As a spectator sport, it is hard to beat. Fast-paced, aggressive, but played in a compact arena, you can sense the options available to a player at the same time as he is executing his choice. In hockey there is less of a gap between the thought and action, and between rushes of potential drama, than in almost any game.


Dev league was also fun this week, although Kittens, Morgan and I had to share our line with other skaters, meaning we all had to miss occasional shifts. This sucked, because it meant we never felt like we had a settled line (it’s amazing how quickly you come to want that) and, worse, it meant sitting out shifts, when we already had to wait three shifts for our line to come around again.

Alex McNab laughs after killing another defenceless child.

I want to be out there every shift, or at least every second, so it was difficult to sit patiently, watching the game, cooling skated heels.

But that whinge aside, it was a fun session. I did a few good things, including a couple of shots at goal, had some battles for the puck, and enjoyed a couple of times where I controlled a puck in dangerous climes inside our defensive blue line, turned and delivered measured passes to the sticks of teammates.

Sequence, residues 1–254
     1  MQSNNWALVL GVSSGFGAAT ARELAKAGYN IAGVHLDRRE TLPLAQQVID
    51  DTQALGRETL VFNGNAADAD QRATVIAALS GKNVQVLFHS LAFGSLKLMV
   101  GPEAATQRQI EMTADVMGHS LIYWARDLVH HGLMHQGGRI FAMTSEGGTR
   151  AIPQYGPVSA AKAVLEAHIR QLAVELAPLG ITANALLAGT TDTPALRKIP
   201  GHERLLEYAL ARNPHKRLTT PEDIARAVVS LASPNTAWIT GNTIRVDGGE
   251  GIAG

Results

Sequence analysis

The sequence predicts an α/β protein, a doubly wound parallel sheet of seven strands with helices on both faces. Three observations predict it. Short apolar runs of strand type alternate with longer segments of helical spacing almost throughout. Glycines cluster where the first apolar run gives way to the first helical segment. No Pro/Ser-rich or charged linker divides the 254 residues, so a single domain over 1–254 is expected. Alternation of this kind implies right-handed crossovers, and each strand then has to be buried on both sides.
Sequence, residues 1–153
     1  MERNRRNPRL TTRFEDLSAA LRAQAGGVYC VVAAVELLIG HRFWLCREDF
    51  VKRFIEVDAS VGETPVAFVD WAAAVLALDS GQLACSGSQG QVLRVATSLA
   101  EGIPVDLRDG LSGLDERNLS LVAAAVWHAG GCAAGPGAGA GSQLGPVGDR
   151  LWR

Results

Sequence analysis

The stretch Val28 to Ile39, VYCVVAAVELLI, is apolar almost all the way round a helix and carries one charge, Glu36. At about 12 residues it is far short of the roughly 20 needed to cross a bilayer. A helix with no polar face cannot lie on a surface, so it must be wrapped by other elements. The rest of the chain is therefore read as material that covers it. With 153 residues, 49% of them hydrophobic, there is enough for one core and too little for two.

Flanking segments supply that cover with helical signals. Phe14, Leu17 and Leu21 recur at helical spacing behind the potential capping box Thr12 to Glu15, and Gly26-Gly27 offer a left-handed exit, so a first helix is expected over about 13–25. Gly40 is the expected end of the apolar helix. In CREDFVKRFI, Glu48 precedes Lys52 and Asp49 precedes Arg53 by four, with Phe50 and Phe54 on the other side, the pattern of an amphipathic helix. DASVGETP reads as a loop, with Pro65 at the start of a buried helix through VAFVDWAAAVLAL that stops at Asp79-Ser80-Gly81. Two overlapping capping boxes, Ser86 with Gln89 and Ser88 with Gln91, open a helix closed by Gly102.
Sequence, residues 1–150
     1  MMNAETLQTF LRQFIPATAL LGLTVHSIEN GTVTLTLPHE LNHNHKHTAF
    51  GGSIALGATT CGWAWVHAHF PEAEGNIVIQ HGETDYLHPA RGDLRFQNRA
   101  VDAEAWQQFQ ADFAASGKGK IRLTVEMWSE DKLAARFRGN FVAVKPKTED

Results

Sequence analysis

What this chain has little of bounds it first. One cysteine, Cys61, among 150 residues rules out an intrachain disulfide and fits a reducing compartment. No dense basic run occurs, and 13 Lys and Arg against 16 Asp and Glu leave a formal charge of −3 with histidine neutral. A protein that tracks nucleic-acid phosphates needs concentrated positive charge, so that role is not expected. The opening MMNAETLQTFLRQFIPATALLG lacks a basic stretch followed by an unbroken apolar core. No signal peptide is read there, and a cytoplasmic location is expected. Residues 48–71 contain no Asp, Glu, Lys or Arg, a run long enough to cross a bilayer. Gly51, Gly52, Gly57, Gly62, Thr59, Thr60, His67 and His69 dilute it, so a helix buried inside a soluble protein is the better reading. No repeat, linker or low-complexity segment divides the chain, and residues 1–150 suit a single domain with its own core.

We’re all getting a lot better at holding our correct positions, especially with Lliam’s coaching from the bench, which remains entertaining, given his penchant for hurling waterbottles at the ref. He also takes the time to preach position to us; where you should be at all times. This can be a mystery in the swirl of a hockey game. Check out the picture above, from the current world championships, where Red Wings prospect Thomas Tatar appears to be taking on the entire USA team on his own. But there are actually systems at play, zones a wing should cover, as opposed to the centre or a D. Lliam is working hard to make us understand our jobs, and I’m drinking the knowledge.

That aside, I think the most pressing, truly urgent issue coming out of Wednesday nights is how I survive Thursdays, when I’m exhausted after so little sleep.

I can’t sleep before 1.30-2 am, post hockey, and the get-a-kid-to-school hack can start at 6.30 am. I was a fucking zombie yesterday. Perhaps I just need to be a hockey player and harden up?